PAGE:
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Danny Granger is returning to the Indiana Pacers, but not really in the nick of time

Kelly Dwyer
Ball Don't Lie

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Danny Granger works out before Wednesday loss to the Miami Heat (Getty Images)

The Indiana Pacers are about to add a former All-Star, one that is still on the fringes of his physical prime, to their rotation for absolutely no cost. Danny Granger may be coming off of a 19-month layoff ( save for a five-game stint in 2012-13) to return to the team on Friday night, but that shouldn’t worry Indiana Pacer fans in the slightest. Any little bit helps, and Danny Granger should act as far more than a “little bit.”

One can’t overstate this, even if we run the risk of overrating someone like Danny Granger – as many people tended to do during his time as a go-to guy for the Pacers a few years back. Granger was a solid enough scorer and efficient enough worker, and he did top out at nearly 26 points per game in 2008-09, but if he was your lead dog, your sled needed some help. Granger always seemed to be in the same position that San Antonio Spur Sean Elliott worked from years ago, a third option miscast closer to the top of the bill.

A few things about that comparison cling, though. Elliott had David Robinson to work alongside during much of that time, and in his peak Robinson was likely the third-best player in the NBA behind Michael Jordan. Granger had no such help.

Secondly, Granger’s production in his peak far outpaced that of Elliott, despite their seemingly similar styles.

Most warming of all, to Pacer fans? Granger won’t be asked to be the lead dog. He won’t even start. Hell, he may not even take the most shots among a second-tier crew that has fabulously paired starter Lance Stephenson with Luis Scola. Instead, Granger will be asked to spread the floor, shoot when he’s ready, and poke and prod offensively when his timing returns. That may take until midseason, as Granger hasn’t really warmed to NBA speed since May of 2012, but the Pacers don’t mind.

The team would mind an upswing in what Granger does (or did) best – perimeter scoring. The team is both a decidedly average three-point shooting outfit and overall offensive squad, and even if you boast the best record in the NBA as the Pacers do, every little bit helps. Granger’s size and versatility, at least before his injury, allowed him to remain virtually indistinguishable when it came to choosing a position, as he can either spell or sport alongside either Paul George or Lance Stephenson in various Indiana lineups.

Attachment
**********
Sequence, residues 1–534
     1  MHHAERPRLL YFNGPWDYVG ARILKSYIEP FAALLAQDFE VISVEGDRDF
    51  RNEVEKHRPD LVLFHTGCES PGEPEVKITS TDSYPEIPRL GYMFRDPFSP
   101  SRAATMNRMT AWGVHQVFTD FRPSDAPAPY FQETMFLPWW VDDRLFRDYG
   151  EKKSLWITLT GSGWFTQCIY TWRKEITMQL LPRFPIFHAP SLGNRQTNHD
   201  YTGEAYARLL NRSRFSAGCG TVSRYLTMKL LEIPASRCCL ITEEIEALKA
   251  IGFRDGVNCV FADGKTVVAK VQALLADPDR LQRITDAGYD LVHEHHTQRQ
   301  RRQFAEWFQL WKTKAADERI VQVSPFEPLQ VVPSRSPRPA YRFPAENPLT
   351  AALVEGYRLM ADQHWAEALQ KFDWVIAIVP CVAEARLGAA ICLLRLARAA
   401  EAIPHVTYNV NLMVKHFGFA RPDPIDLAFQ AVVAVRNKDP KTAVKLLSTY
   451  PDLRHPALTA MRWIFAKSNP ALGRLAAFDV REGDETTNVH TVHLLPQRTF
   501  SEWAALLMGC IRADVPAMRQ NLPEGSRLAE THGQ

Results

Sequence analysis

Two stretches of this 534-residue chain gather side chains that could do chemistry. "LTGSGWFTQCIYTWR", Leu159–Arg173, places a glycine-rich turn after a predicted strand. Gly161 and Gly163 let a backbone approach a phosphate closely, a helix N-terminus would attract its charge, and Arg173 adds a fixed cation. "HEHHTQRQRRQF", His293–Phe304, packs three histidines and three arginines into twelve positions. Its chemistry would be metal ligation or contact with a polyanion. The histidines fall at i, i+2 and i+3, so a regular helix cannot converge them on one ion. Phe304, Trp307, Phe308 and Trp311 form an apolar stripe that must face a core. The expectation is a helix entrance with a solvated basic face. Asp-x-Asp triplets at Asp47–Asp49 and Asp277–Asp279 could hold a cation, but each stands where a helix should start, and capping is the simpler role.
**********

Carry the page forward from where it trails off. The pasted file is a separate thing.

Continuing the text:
In an interview with the Indianapolis Star’s Candace Buckner, Pacers coach Frank Vogel relayed as much:

"I don't think of them as both being (small forwards)," Vogel said. "In our system, it's guards, bigs and wings. They're both wings. They certainly can play together.”

There’s no minutes controversy, here. As Buckner pointed out, Granger has remained embedded with his team in spite of his absence from the court, traveling on every road trip and remaining in the locker room. His skill set seemed to conflict with Paul George’s heading into this season, but with George’s ascension as an all-around player in 2013-14, Granger can easily adapt as a spot-up shooter and sometimes slasher. The same goes for Lance Stephenson, who has taken on more of a playmaking role in his fourth NBA season.

The key here – and hell, the key for the rest of this snake-bitten league – is whether or not Granger can return to full health. He swore up and down that the calf injury that kept him out of Indiana’s first 25 games was unrelated to the knee injury that cost him nearly all of 2012-13, but 30-year olds don’t tend to miss 102 out of a possible 107 games, not including playoffs, with minor injuries. There is a very good chance Granger will look severely diminished in comparison to the guy that once dropped 25 a game with regularity.

The Pacers will take that near-approximation, though. They don’t need Granger to be at his All-Star best, or to earn every penny of that $14.1 million salary. They need a good enough shooter with size to spread the floor and allow others to maintain their particular games without much interference. They’d like it from now until June, and they’d like it if Granger improved to a point to where he’d have several free agent suitors this summer, when the tax-averse Pacers are ready to say goodbye.

Seems like a good deal for both sides, even if the Pacers didn’t have to give anything up to re-acquire their former All-Star. Welcome back, Mr. Granger.

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Kelly Dwyer is an editor for Ball Don't Lie on Yahoo Sports. Have a tip? Email him at KDonhoops@yahoo.com or follow him on Twitter!

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